Rachel has the kind of energy that makes people gravitate towards her, a bit of a wounded bird syndrome. It draws in her ex, piques the interest of the show’s bachelor Adam and keeps hellish and bitingly smart EP and de facto showrunner Quinn (Constance Zimmerman) coming back for more. All of these toxic relationships play into one another; Quinn is Rachel’s most cutting critic and her biggest ally, but isn’t above blackmailing her with a sex tape. On-again, off-again Jeremy is there as a sort of escape hatch, but at the end of the season the writers seem to be setting him up for a much bigger role. And the Brit, Adam, as an actor, he had a not-easy job: play the reality TV guy, and play the reality TV guy in real life. Towards the end of the season, he came into his own, particularly when his self-interest (for a spin-off and fake wedding) collided with his promise to run away to Europe with Rachel.
The relationships are so compelling because it’s hard to discern what actually is real – Everlasting is clearly fake and contrived, but the moving parts around it aren’t. The people behind the manufactured love are real. Rachel having a teary breakdown to Adam, only to claim she was faking it for the show – was she? Quinn and Rachel bouncing ideas off one another for a more feminist version of Everlasting – one that promises not just a man but also a career – is that true camaraderie? Can a friendship be built on mistrust and deception and manipulation? Their scenes together are the show’s most exciting, and their relationships with other women – we’re pushing you to greatness because we know you can take it! – is a study in predatory feminism. We’re all in this together, until we’re not.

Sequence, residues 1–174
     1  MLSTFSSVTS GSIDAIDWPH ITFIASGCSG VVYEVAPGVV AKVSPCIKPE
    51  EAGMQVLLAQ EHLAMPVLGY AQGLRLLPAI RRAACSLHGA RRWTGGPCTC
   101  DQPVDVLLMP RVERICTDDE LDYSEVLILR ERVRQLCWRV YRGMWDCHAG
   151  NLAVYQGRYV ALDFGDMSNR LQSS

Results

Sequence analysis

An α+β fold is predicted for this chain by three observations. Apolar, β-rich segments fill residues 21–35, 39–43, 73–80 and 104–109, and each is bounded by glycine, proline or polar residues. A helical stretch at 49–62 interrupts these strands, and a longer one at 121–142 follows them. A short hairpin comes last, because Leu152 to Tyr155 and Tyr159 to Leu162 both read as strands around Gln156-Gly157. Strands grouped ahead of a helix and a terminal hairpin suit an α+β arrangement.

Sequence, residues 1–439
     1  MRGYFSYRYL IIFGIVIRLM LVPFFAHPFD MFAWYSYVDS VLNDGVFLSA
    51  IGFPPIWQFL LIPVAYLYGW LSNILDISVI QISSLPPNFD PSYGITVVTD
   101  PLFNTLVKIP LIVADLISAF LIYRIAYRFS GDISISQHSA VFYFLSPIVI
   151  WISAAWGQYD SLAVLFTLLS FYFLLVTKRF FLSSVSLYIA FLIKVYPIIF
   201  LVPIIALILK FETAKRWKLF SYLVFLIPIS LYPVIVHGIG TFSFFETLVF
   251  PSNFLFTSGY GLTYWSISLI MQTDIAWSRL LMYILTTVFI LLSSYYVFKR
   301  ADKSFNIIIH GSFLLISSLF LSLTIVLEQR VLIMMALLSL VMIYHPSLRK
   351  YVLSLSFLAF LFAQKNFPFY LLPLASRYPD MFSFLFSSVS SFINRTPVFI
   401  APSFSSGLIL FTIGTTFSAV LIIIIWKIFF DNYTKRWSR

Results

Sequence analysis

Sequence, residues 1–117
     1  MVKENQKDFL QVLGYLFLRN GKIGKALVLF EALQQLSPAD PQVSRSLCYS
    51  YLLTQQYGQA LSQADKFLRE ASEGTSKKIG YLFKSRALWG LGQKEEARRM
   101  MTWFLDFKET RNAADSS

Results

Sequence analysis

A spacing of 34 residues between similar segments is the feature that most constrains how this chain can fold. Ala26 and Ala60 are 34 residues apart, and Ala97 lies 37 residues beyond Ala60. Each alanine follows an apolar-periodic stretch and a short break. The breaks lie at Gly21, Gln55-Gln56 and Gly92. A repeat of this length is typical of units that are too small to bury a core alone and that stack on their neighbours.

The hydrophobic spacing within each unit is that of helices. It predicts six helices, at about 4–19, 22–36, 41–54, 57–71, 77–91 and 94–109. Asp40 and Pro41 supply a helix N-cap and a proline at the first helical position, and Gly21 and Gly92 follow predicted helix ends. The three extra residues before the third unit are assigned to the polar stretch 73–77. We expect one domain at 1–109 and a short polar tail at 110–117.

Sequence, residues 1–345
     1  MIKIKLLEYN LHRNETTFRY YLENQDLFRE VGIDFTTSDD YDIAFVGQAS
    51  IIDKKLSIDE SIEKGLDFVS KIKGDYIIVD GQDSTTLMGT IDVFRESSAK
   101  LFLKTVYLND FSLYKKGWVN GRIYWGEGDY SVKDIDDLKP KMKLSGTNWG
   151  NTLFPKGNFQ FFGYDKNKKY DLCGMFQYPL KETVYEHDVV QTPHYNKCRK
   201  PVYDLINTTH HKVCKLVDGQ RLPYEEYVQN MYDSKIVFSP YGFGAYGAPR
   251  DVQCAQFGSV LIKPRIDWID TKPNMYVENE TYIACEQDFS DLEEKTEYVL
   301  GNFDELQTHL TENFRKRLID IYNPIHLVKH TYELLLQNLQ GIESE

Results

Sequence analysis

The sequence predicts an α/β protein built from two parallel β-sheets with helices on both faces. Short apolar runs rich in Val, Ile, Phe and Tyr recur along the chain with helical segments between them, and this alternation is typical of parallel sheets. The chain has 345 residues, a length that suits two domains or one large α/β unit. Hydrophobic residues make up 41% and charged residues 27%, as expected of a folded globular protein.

Quinn’s particular take on an assistant who fellates her fiancé – it’s not your fault, he’s in a position of power, that is harassment, file a lawsuit – would be sympathetic and admirable if it wasn’t part of her play for her own show. Everyone involved in Everlasting has an endgame, but the motivations change so quickly that you never get too comfortable being on someone’s side. (And here I have to mention the fiancé and Everlasting creator and EP, Chet, who enjoys his hookers and blow with zest– he adds a lot of humour and energy to the scenes. He actually stole the idea for Everlasting from Quinn and her then-boyfriend, but it’s all good, because he’s a cokehead with a heart of gold.)